Surgical Exposures
  • The fracture site can be approached by various methods, including the olecranon osteotomy, paratricipital exposure (Alonso-Llames), triceps-splitting exposure, triceps sparing elevation (Bryan-Morrey), and triceps-reflecting anconeus pedicle (TRAP).

  • The selections of these exposures are dependent on the intra-articular fracture complexity, the necessity of anterior articular component exposure, the anticipated plan for elbow arthroplasty, and, in part, the surgeon’s preference.

Paratricipital Exposure
  • This approach involves developing windows along the medial and lateral borders of the triceps without violating the extensor mechanism.

  • It can be used in extra-articular or simple intra-articular fractures of the distal humerus.

  • The conversion to the olecranon osteotomy or total elbow arthroplasty can be done if needed.

Olecranon Osteotomy
  • The olecranon osteotomy provides the greatest exposure of the articular surface. In a cadaveric study of non-fractured models, almost 60% of the total articular surface could be seen.

  • The anconeus is partly elevated from the ulnar to directly visualize the trochlear notch. The distally apex chevron osteotomy is performed at the deepest part of the trochlear notch.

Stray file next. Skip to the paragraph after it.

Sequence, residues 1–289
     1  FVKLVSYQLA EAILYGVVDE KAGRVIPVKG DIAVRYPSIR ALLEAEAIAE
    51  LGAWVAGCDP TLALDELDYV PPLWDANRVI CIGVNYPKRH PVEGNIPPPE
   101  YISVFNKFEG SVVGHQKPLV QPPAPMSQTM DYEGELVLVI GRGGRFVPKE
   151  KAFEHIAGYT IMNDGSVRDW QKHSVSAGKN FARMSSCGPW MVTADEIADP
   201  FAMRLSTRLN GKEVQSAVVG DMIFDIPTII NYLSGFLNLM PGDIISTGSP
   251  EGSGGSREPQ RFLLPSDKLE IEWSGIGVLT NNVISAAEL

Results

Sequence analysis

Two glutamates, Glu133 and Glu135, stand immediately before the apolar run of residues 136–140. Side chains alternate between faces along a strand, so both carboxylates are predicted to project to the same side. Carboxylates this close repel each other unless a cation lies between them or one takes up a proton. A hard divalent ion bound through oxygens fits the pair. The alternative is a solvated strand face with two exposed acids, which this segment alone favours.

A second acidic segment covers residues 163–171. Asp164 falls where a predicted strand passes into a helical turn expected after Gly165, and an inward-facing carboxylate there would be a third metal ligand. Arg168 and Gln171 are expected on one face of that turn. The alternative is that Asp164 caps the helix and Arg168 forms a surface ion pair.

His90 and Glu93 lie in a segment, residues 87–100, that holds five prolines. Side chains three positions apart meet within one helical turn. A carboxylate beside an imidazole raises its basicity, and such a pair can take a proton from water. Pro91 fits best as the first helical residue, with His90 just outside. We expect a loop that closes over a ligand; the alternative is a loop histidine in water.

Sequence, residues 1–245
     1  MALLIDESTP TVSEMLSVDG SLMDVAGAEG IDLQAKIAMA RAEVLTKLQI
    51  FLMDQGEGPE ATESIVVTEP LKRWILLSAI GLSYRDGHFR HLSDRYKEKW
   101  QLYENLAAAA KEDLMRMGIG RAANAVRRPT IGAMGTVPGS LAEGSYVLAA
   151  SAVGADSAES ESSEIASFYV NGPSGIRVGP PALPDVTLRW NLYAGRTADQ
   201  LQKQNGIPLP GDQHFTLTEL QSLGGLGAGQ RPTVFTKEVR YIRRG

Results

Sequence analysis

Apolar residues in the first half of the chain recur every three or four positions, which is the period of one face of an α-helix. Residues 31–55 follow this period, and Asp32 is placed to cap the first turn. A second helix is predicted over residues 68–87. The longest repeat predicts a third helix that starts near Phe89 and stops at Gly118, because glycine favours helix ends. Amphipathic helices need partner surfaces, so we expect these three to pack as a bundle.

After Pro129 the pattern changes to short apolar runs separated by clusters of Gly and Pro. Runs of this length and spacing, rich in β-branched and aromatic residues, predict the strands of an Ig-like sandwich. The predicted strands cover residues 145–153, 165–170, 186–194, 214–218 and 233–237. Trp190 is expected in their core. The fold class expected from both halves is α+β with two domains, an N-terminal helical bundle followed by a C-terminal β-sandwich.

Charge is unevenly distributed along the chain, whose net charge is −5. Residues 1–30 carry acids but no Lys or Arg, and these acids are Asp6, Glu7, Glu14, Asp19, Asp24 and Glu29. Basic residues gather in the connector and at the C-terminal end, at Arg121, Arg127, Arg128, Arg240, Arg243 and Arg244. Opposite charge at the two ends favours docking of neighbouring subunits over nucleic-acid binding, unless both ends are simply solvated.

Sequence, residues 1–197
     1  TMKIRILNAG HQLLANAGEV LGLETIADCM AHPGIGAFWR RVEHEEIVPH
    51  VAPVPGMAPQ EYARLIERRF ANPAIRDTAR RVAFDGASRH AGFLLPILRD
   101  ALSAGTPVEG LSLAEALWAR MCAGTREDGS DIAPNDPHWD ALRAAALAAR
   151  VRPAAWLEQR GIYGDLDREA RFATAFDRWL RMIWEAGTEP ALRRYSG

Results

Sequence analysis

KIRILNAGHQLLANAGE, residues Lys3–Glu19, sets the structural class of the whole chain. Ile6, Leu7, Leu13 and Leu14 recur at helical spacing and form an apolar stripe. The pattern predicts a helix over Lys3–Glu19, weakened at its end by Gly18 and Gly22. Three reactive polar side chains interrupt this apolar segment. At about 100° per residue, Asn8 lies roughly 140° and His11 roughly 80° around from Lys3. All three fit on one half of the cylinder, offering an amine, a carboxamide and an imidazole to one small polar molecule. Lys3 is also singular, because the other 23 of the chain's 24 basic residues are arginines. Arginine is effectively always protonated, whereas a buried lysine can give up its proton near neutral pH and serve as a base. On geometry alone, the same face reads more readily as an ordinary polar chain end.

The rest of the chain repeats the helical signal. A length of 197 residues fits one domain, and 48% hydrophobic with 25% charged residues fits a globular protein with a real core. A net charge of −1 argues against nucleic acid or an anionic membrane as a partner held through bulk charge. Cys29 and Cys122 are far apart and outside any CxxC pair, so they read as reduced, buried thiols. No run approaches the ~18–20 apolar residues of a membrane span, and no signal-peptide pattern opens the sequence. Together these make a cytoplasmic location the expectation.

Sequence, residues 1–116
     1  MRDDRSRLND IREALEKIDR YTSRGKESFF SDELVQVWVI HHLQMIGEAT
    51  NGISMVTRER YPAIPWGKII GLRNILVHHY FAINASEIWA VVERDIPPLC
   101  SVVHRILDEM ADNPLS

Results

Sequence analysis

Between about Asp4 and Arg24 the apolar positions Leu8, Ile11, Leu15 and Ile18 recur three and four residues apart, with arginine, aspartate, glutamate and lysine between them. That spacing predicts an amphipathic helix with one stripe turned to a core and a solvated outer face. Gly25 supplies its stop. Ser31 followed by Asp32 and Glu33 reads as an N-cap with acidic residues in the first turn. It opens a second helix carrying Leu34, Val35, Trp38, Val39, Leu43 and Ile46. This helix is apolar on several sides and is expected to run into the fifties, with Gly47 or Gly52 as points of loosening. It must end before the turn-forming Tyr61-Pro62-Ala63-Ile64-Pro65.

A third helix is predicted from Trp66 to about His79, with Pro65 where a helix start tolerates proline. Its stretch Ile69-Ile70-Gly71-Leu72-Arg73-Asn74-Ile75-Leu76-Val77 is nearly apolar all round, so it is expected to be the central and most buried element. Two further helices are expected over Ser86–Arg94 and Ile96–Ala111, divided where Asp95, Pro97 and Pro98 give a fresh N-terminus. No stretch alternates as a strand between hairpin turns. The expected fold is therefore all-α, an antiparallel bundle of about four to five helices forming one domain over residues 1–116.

• The proximal olecranon fragment and triceps are then elevated from the humerus.

  • The fixation of the osteotomy is done by double tension-band wiring technique. (Figure 2)

  • Two 0.045-inch Kirschner wires are drilled from the dorsal aspect of the proximal ulnar, angled anteriorly and slightly medially, to exit just medial to the ventral ridge of the ulnar, aiming to prevent the wires backing out and radial impingement.

  • Each of two 20- or 22-gauge stainless steel wires are passed through the transverse drill holes in the distal ulnar fragment, about a centimeter apart. Each wire is bent into a figure-of-eight and passed beneath the attachment of the triceps against the very tip of the proximal olecranon; a 16-gauge needle can be used to facilitate the passage. The wires are tensioned on each side of the ulnar, and then trimmed and bent into the adjacent soft tissues.

  • The Kirschner wires are cut and bent into 180 degree fashion with wire bending forceps or pliers, and then hammered in to the olecranon.

Figure 2.

Lateral radiograph showing the double tension-band wiring technique in which each wire is passed through a separate drill hole, about a centimeter apart.

Lateral Extensile Exposure
  • The lateral exposure is considered in lateral column fractures, and the articular shearing fracture of the capitellum.

  • The patient is in the supine position with the arm supported on a hand-table. Either the lateral skin incision or posterior skin incision can be used.

  • The dissection starts just proximal to the lateral epicondyle. The origin of the extensor carpi radialis longus is elevated from the lateral supracondylar ridge, and then the anterior capsule is elevated with sharp dissection.